Schiebel Pushes Camcopter For Maritime Surveillance

AIN Defense Perspective » May 11, 2012
Camcopter S-100
Camcopter S-100
May 11, 2012, 1:55 PM

Schiebel reported trials of its Camcopter S-100 on a frigate of the Italian Navy, equipped with a Wescam MX-10 high-definition camera. The small unmanned helicopter “has successfully proved its maritime capability on 14 different classes of vessel in three oceans,” the company claims. A trial with the French navy is ongoing.

The Austrian company has now sold 140 Camcopters, including 80 to the UAE, which was effectively the launch customer. Most are being used for overland surveillance; five different EO/IR camera systems have been integrated. Civilian operators include a Malaysian company that uses the S-100 for pipeline surveillance. But despite believing that the UAS is ideally suited for deployment as a maritime surveillance asset, Schiebel has yet to secure a contract for a shipborne application. “There are plenty of requirements, but budgets are tight,” a spokeswoman told AIN.

Last March, Schiebel announced the first flight of a heavy fuel engine (HFE) version. “This is a flexibility that is not available in other tactical VTOL UAS,” the company claimed. In Europe, the Camcopter’s only rival is the Skeldur designed by Saab, which has yet to announce a sale. Neither AgustaWestland nor Eurocopter has entered this market sector. In the U.S., Northrop Grumman has developed the MQ-8B Fire Scout, and Boeing has developed the A160 Hummingbird, but both are bigger than the Camcopter. Thanks to an alliance with Boeing, Schiebel has sold some S-100s to the U.S. for use in psychological warfare operations, including leaflet dropping and loudspeaker broadcast. The spokeswoman declined to elaborate.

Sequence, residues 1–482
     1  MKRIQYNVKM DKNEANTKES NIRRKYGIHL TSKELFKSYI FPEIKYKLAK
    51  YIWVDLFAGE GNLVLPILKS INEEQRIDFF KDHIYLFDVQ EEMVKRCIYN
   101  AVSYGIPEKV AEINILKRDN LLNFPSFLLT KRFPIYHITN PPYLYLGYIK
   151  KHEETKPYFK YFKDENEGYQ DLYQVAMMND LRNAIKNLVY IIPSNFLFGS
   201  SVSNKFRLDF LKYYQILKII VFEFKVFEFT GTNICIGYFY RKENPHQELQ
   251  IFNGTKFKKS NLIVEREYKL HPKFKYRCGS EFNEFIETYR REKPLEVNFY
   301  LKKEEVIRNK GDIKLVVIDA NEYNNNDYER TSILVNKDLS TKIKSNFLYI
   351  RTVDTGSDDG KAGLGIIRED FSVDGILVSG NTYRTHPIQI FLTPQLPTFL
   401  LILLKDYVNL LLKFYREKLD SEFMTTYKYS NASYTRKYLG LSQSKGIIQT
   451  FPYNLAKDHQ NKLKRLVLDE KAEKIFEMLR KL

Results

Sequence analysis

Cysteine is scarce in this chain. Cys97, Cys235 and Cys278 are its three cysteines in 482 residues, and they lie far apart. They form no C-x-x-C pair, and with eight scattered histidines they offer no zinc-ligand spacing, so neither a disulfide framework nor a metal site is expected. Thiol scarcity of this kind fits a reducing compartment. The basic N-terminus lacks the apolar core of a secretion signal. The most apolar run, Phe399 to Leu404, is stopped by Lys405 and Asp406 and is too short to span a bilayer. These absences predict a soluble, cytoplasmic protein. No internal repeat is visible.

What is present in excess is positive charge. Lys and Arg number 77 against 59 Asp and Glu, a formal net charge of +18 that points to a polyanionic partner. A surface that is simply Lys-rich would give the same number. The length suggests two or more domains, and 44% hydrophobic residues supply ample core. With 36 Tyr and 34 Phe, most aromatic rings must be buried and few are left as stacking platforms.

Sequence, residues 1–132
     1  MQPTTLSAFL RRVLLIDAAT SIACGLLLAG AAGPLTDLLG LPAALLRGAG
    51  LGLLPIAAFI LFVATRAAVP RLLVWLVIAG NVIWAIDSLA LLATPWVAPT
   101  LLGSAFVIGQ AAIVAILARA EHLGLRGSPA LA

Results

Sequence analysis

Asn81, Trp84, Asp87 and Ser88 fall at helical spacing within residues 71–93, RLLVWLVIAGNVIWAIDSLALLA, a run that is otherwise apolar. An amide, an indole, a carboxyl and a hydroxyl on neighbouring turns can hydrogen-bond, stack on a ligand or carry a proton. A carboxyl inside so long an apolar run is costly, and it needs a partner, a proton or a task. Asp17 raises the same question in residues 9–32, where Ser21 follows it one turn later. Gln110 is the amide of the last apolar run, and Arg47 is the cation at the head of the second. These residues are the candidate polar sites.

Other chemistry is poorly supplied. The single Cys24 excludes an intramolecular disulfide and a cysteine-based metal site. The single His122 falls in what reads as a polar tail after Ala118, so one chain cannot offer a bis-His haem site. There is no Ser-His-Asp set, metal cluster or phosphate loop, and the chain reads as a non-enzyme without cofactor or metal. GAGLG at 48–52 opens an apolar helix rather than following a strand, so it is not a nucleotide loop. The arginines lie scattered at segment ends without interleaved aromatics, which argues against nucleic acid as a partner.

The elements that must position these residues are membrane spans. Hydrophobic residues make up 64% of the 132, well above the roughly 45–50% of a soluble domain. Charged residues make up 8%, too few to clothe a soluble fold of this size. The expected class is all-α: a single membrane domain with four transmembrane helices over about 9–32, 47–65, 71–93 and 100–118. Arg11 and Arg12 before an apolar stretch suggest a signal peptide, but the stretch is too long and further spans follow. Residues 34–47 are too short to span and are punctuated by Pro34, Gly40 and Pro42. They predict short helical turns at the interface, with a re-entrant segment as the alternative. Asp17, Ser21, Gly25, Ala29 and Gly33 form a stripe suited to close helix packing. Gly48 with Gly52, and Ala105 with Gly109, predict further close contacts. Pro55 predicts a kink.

The S-100 has also flown with the Selex PicoSAR surveillance radar. Ellectronica of Italy and Rafael of Israel have proposed electronic warfare payloads, the spokeswoman told AIN.

FILED UNDER: 
Share this...

Please Register

In order to leave comments you will now need to be a registered user. This change in policy is to protect our site from an increased number of spam comments. Additionally, in the near future you will be able to better manage your AIN subscriptions via this registration system. If you already have an account, click here to log in. Otherwise, click here to register.

 
X